Creative Post Breaks Ice in the Wonders of the Arctic 3D

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Thu, 06/12/2014 - 15:14 -- Nick Dager

Images copyright and courtesy of Science North (via Creative Post).The $4 million Wonders of the Arctic 3D natural world epic marks Science North's fifth IMAX production in conjunction with Lickley and Chicago’s Giant Screen Films. The 42-minute film, which focuses on the effects of climate change to the Arctic environment and the impact on humans and animals, such as the resilient Inuit peoples and Polar bears that reside there, has been distributed in more than 100 theatres around the world.

The film depicts how it is the toughest place to live on earth and how creatures that live there thrive despite the harshest elements. Historically, more than half of the Arctic Ocean was covered by ice all year round but in the past 50 years, ice cover has been reduced by 70 per cent, and is predicted that within 15 years, there could be a completely ice-free Arctic during some months of the year, according to Lickley. The film provides a voyage to a world many would never visit themselves and plays a key role in educating and informing audiences about this incredibly important topic.

Cameras used in filming Wonders of the Arctic 3D included an IMAX Dual Phantom 4K, a Red Epic 5K, a 35MM 8 perf vista vision 3D IMAX Camera (scanned to 6K), and a 65MM Aerial IMAX MSM Camera (scanned to 8K)

Images copyright and courtesy of Science North (via Creative Post).Toronto’s Creative Post started work on the film back in 2010 when primary camera shooting started. Part of what made it possible to achieve such stunning results is the company's pipeline. Supervising editor Adrian Saywell said, “The first duties included onset processing and backup of Phantom footage. Once backed up and shipped to Creative Post, the processing of dailies for all digital formats in both Phantom and Red was completed using Mistika. This enabled us to create HD ProRes files with matching names and T/C’s for offline. Before we purchased Mistika, the Phantoms T/C would not match the QT created by other programs.”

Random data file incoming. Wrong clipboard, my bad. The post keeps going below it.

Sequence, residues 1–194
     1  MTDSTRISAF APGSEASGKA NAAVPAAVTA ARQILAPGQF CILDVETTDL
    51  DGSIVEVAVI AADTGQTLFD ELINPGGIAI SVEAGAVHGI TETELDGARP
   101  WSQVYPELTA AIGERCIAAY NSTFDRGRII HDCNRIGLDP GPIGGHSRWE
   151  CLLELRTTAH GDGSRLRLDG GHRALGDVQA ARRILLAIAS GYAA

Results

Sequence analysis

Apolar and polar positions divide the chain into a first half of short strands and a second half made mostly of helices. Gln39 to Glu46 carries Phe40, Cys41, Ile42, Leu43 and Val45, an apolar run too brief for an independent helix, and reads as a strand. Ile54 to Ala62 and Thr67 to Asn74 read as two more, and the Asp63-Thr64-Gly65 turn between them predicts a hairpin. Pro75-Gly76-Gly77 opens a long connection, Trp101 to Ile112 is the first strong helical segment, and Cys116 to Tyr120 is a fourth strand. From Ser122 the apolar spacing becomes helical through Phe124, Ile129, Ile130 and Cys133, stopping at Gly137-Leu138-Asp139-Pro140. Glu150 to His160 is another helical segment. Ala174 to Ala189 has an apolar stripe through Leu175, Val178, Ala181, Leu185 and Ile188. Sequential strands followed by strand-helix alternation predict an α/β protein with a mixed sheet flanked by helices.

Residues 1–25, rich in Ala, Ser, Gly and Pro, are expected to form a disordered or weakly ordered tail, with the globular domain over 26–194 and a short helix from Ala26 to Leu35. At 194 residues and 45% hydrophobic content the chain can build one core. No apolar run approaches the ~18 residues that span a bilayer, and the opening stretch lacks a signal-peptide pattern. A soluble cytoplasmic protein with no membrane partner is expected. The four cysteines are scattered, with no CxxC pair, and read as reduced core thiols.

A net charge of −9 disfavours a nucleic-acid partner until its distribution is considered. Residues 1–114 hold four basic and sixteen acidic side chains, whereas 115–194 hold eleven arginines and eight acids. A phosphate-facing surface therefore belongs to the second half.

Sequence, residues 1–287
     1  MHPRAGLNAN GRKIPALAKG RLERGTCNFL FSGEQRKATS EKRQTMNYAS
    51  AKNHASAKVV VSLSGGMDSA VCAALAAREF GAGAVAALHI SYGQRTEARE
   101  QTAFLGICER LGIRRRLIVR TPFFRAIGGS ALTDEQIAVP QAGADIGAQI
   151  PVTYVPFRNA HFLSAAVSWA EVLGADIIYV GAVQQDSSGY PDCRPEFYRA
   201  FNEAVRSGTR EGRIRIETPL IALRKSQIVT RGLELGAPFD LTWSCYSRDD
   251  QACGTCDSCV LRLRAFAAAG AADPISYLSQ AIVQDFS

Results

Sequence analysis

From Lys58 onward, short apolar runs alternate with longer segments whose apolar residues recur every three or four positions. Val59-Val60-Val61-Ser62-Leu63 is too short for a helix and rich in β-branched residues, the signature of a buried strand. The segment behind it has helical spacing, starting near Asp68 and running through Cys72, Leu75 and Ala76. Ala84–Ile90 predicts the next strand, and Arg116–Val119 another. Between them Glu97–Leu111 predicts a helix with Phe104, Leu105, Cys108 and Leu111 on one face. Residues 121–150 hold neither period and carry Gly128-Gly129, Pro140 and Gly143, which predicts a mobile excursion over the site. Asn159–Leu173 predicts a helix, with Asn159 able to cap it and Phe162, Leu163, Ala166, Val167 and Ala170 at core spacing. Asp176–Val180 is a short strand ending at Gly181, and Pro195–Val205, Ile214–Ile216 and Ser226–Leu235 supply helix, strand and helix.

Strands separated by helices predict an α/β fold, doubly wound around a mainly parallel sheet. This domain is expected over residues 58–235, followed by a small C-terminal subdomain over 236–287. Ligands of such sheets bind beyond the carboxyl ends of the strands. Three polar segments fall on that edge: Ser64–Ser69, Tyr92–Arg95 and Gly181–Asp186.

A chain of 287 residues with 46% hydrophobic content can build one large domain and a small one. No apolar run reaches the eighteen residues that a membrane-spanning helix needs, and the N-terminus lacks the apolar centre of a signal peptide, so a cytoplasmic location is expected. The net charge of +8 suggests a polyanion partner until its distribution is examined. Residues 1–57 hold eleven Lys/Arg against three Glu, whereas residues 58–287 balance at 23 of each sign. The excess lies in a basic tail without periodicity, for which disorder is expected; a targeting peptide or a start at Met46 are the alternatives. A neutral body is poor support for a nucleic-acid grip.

Saywell continues, “Footage was supplied by DKP and Science North at various resolutions ranging from 4K to 8K in both 2D and 3D. Utilizing the open platform that is Mistika, we were able to scale all the various formats to the end result 5616X4096, which was then filmed out to 70MM for IMAX Projection. As it is near impossible to work in 3D at the full 5.6K resolution, the proxy and render options in the Mistika enabled us to scale to 2K in 3D, where all work was completed before applying the corrections back to the raw camera material. This made it fast and easy to work in such a large format. Full online finishing, stereoscopic 3D alignments, color correction and titling were performed in Mistika as well as final versioning in 5.6K 3D, 4K Scope 3D and 2K Scope 3D. New tools in version 7.2 enabled us to apply display filters such as log to linear LUTs as well as cropping of 1.85 and 1.79 images into the 70MM format without actually applying any FX to the environment.”

Images copyright and courtesy of Science North (via Creative Post).Creative Post's owner and CEO, Ken MacNeil says before they had a Mistika on board, they would not have been able to work on a film of this scope, within the given deadlines. Purchased in 2011, Mistika was chosen for its multi-resolution capability and advanced 3D tools that are required for the 4K+ resolution that Creative Post generally master in. Saywell was also able to use Mistika’s powerful tools to stabilize and fix 3D shots, which included color matching, and alignment, that he said, without Mistika, would have been deemed unusable.

Senior colorist Jim Fleming was also able to use the powerful color grading tools to pull the best images out of the footage. The 3D color grading session was technically straightforward because the left and right images were already exactly color-matched in the pre-grade processing. This allowed for a film that was breathtaking in its amazing images but also for 3D that was easy to watch, allowing for a more realistic viewing experience.

View the Wonders of the Arctic 3D film trailer here